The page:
After looking over the R1 manual I tried to plumb the hoses as close as I could. I was already combining two hoses (oil cooler outlet) and thermostat outlet with a T-piece I made at the start of the project. I had to add two extra connections. One was for the thermostat overflow, and the other for the overflow from the backside of the engine at the water pump inlet.
To add the adapters I worked out the positions and then drilled some 11mm holes in the radiators plastic side tank. I then tapped with an M12 tap to get some "grip" for the thread. This didn't work so I used a stepped hole cutter to take 1/2 the hole out to 12mm. By gripping the adapter by mole-grips and brute force I managed to thread them in. I was gonna try araldite but it only works to 60degC apparently.
|The radiator back in position with the three extra pipe connections in place. The very top pipe goes off to the new pressurised header tank. The next pipe is to the thermostat overflow, while the lower one (which you can't actually see) is to the back of the water pump.|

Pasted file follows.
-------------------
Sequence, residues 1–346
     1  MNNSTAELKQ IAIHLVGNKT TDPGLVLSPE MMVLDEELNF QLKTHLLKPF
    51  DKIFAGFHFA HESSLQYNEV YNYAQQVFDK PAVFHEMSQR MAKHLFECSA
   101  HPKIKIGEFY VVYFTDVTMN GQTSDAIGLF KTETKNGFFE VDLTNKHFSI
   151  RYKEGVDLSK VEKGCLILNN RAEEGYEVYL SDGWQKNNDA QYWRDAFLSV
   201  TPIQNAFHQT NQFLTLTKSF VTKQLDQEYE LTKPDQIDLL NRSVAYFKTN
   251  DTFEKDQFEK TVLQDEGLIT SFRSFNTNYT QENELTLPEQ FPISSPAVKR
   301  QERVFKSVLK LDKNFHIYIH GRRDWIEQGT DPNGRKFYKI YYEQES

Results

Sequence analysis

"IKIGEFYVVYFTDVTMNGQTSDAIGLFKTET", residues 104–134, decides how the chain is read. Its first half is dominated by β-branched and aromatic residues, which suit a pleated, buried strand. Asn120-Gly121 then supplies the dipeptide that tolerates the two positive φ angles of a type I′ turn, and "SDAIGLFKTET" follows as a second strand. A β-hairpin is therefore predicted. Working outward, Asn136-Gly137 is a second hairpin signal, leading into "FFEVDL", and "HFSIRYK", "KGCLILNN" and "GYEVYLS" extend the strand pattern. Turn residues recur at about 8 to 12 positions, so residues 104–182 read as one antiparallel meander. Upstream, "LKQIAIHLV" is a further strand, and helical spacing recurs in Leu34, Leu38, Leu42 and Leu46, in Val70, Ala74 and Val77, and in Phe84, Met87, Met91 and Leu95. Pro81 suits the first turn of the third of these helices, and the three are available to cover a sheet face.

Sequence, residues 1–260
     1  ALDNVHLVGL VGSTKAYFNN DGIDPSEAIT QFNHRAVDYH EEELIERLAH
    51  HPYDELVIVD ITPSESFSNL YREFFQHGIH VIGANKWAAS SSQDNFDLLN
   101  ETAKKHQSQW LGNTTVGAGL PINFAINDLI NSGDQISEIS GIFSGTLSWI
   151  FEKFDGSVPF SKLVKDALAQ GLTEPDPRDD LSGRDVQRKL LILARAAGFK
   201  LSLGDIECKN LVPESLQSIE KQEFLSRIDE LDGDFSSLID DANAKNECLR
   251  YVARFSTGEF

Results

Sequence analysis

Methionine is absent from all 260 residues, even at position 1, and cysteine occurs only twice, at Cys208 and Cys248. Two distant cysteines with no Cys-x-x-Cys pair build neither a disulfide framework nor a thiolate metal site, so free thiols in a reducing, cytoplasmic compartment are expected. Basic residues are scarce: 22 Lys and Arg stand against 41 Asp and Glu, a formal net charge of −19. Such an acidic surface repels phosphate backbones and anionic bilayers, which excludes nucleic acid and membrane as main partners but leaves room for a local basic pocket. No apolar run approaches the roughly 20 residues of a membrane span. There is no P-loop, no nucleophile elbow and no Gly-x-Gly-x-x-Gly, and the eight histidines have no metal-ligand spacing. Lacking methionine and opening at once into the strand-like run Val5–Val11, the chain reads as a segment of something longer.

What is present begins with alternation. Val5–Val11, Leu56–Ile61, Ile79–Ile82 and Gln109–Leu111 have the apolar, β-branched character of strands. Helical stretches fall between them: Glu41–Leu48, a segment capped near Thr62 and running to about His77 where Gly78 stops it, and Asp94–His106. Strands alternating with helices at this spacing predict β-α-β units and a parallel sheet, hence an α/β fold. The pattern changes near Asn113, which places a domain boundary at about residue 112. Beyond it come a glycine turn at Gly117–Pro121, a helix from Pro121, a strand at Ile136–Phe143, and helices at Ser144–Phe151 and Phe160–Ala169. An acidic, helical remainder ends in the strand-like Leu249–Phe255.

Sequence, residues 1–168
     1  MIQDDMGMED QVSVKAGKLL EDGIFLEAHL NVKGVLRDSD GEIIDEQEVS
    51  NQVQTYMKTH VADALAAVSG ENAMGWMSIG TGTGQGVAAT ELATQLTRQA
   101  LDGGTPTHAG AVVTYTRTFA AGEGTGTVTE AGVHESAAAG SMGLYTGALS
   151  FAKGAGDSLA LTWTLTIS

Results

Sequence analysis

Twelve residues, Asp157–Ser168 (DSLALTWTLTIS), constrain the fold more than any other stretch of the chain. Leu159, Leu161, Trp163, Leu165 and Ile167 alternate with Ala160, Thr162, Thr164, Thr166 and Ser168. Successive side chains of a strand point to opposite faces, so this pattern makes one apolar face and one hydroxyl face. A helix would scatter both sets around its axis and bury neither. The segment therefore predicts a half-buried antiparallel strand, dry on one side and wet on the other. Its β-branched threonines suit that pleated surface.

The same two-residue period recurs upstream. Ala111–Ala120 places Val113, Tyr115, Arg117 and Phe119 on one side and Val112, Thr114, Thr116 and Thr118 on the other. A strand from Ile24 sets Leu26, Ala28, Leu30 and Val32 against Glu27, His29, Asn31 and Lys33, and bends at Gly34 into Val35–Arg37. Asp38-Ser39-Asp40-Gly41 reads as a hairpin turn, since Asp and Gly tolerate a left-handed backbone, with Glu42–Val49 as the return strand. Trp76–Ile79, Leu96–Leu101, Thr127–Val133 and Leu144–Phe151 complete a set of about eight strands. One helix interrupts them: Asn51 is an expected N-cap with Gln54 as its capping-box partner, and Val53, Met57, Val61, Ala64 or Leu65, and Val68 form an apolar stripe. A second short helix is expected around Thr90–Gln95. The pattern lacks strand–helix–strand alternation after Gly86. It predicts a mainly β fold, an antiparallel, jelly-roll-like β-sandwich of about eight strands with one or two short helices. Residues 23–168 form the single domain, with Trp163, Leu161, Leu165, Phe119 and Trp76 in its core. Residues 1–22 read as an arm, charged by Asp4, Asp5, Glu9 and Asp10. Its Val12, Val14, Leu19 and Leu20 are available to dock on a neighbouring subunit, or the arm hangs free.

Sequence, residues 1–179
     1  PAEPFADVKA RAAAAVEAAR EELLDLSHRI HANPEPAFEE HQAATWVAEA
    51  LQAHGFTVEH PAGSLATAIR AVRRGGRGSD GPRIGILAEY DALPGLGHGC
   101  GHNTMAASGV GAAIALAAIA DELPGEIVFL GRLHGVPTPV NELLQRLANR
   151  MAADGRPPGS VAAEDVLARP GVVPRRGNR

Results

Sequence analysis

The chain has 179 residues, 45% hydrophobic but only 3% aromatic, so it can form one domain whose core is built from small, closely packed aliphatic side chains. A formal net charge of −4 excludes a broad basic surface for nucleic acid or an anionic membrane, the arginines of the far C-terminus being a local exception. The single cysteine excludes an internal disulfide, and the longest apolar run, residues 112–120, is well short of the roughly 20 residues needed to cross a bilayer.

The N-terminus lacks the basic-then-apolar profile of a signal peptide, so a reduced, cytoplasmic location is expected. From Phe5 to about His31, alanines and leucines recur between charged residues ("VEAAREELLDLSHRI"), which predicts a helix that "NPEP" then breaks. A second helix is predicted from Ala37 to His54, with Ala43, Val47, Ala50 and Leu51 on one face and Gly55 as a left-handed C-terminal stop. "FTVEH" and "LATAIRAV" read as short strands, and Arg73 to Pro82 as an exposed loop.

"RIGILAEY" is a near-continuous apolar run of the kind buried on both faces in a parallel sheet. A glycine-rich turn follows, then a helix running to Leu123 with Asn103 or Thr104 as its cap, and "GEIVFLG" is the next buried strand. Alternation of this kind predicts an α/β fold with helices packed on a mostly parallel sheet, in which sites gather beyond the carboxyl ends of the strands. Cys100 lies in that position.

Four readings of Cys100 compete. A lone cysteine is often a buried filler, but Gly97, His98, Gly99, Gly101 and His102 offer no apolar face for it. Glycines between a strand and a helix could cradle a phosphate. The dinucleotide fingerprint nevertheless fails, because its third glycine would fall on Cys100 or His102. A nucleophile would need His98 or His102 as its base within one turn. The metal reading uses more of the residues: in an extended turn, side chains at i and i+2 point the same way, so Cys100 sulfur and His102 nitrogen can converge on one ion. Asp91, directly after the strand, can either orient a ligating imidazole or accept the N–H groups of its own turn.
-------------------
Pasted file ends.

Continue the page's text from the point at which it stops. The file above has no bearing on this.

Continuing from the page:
|I chose to mount the expansion tank roughly where the old (pointless) one was. This gave a "head" of water (even though I don't think that that is required), gave easy pipe routing, and most important of all - it was easy to mount.
I opted just to make a strap from Alluminium strip and mount it to the bulkhead. It is held tight as there is foam padding front and rear which is compressed quite hard when the screws are tight.
I also ran the overflow pipe down to the tunnel so that my feet wouldn't get hot and wet if it did overflow.
After filling the system I ran the engine up, sorted a leaking pipe where I hadn't done the clip up tightly, and then let it come to running temperature.
It reached running temperature with all of the pipes warm.
Watch this space...
My homemade exhaust manifold looked really sick. It was leaking from the brazed joints (they had cracked) and was sapping power noticably. I had always intended to go up to Leeds to see Tony Law. However when I looked at the logistics of ghetting the car from Cambridgeshire up to Leeds, leaving it a week and then fetching it back it was horrible. The costs soons spiralled too as I'd have had to hire vans for transport two weekends running.